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BASL Registration Number: 1951 | Non-Individual RIA. Regn No. INA000017620 | Validity Perpetual

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Sovereign Gold Bond Scheme: Is it suitable for You?

Updated: Mar 18




Continuing with its issuance of sovereign gold bond (SGB) scheme, the RBI opened the window for next tranche of subscription from 17 -21 May 2021. These will allow investors to invest in gold in digital form with certificate issued against grams of gold. For individual investors, the minimum investment is equivalent to the price of 1 gram of gold and maximum investment is equal to the value of 4 kg of gold. A holding certificate is issued in the name of an investor upon successful purchase of the gold bond. You can also find the detailed schedule of subsequent issues below.

Let us examine the key features and its suitability:

  1. Pricing: The SGBs will be issued to investors at Rs 4,777 per bond. Each bond tracks the price of one gram of gold. If the investor applies online and pays using digital modes, then he gets a discount of Rs.50 per bond. The value of SGBs is linked to fluctuation in gold prices, so these bonds will be transacted depending upon the prevailing prices of gold.

  2. Periodic Interest Payout: This is the only gold product where investors can earn some interest income which is not the case with holding physical gold or even gold mutual funds/ETFs. In SGB, investors are paid interest on a half yearly basis at the rate of 2.5 per cent per annum. Although no TDS is applicable, this income is taxable.

  3. Fixed Tenure: SGB has a tenure of eight years and has an exit option for investors after five years, on each interest payment date. Also, investors can sell their bonds in the secondary market at the prevailing rates of gold.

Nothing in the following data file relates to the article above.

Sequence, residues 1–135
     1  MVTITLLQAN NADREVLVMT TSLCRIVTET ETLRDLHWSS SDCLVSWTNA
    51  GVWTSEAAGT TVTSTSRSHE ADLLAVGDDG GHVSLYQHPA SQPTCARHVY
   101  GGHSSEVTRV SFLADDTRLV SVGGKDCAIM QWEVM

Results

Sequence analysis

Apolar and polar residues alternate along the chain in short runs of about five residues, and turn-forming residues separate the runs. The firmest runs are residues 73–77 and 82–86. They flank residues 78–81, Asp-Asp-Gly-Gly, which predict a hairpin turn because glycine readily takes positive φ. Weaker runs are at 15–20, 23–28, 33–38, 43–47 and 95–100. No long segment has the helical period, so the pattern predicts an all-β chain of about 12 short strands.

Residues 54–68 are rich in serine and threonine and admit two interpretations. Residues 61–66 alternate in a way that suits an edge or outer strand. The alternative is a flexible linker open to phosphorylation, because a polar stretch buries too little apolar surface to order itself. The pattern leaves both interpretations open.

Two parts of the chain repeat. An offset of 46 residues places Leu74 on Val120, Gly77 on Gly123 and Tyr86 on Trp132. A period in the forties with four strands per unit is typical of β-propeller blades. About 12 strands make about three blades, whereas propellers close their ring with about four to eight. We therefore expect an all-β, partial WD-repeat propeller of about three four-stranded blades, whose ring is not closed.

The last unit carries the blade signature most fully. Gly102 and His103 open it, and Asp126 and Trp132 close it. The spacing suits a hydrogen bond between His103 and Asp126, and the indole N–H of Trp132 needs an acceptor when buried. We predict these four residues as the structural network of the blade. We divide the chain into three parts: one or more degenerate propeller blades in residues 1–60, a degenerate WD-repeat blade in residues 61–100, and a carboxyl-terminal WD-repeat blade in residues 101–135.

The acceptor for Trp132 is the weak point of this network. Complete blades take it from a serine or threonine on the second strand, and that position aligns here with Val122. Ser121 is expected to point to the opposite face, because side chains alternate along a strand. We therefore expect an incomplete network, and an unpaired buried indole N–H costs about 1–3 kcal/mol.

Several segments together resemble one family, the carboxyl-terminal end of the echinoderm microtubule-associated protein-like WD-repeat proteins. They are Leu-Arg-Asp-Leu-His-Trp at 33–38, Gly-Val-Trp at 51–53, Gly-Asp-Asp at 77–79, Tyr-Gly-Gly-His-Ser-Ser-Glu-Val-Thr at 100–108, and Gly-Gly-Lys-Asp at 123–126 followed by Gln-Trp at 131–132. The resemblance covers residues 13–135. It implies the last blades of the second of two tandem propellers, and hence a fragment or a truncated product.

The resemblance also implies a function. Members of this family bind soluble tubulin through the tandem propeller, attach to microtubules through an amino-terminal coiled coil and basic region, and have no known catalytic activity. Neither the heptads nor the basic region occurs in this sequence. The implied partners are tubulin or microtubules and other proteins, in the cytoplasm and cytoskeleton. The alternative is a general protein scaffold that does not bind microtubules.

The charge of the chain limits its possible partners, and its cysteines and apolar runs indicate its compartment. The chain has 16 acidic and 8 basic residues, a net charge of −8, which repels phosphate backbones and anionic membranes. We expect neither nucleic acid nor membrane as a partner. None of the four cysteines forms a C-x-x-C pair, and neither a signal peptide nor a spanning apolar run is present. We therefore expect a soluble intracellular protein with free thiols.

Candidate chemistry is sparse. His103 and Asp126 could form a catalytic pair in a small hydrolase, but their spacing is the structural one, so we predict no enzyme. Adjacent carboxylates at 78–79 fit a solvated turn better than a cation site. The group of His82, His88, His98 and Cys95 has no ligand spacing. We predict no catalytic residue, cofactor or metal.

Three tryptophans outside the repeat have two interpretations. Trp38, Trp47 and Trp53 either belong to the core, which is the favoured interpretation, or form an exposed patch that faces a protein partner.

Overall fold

4. Early Exit option: As mentioned, another exit option for investors is that SGBs can be traded in the secondary market. This can be done after 14 days from the initial subscription date.  For transactions in the secondary market, an investor needs to choose the demat option at the time of primary issue of SGBs. Consequently, the digitised certificate is reflected in the demat account of the investor.

  5. Taxation: If an investor holds SGB till maturity, the potential capital gains on the proceeds are tax free. However, any potential gains arising from premature withdrawal after 5 years or from selling in the secondary market is subject to taxation. Tax treatment is the same as for any gold product. Redemption before 3 years attracts short term capital gains tax which is applicable as per income tax slab. Exit after 3 years attracts long term capital gains tax applicable at 20 per cent after indexation.

  6. Loan facility: SGBs are acceptable forms of collateral to avail loans.  Up to 75 per cent of the market value of such bonds can be availed as a loan from any scheduled financial institution.

  7. Costs: While gold mutual funds roughly charge around 0.5 per cent management fees, SGBs have no cost associated with them.

SGBs are a convenient way to take exposure to gold as an asset class in digital form and eliminate the hassle and costs of physical storage. Gold can be an important diversifier in an investor’s portfolio as it has negative correlation with equity and debt. This implies that gold prices generally move in opposite direction compared to debt and equity. For e.g., last year in 2020 when stock markets crashed in March during lockdown period and interest rates fell during the year, gold prices went up. An investor can consider to have not more than 10 per cent exposure to gold in total portfolio. It is important to understand the key investing aspects of risk, returns, liquidity and taxation before parking money in SGBs. A long-term investor can also have a combination of SGBs and gold mutual funds in his portfolio.

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